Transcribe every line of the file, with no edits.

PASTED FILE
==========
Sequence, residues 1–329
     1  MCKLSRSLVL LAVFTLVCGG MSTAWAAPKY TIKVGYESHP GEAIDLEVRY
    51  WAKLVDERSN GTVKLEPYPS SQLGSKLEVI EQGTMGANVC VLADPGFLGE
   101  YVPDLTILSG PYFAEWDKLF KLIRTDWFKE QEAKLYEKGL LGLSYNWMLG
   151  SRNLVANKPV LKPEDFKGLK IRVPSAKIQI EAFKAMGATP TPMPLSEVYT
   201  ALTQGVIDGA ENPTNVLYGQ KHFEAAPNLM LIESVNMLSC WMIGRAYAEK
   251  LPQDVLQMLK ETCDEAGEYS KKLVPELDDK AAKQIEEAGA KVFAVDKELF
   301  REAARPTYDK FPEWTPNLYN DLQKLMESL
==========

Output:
Sequence, residues 1–329
     1  MCKLSRSLVL LAVFTLVCGG MSTAWAAPKY TIKVGYESHP GEAIDLEVRY
    51  WAKLVDERSN GTVKLEPYPS SQLGSKLEVI EQGTMGANVC VLADPGFLGE
   101  YVPDLTILSG PYFAEWDKLF KLIRTDWFKE QEAKLYEKGL LGLSYNWMLG
   151  SRNLVANKPV LKPEDFKGLK IRVPSAKIQI EAFKAMGATP TPMPLSEVYT
   201  ALTQGVIDGA ENPTNVLYGQ KHFEAAPNLM LIESVNMLSC WMIGRAYAEK
   251  LPQDVLQMLK ETCDEAGEYS KKLVPELDDK AAKQIEEAGA KVFAVDKELF
   301  REAARPTYDK FPEWTPNLYN DLQKLMESL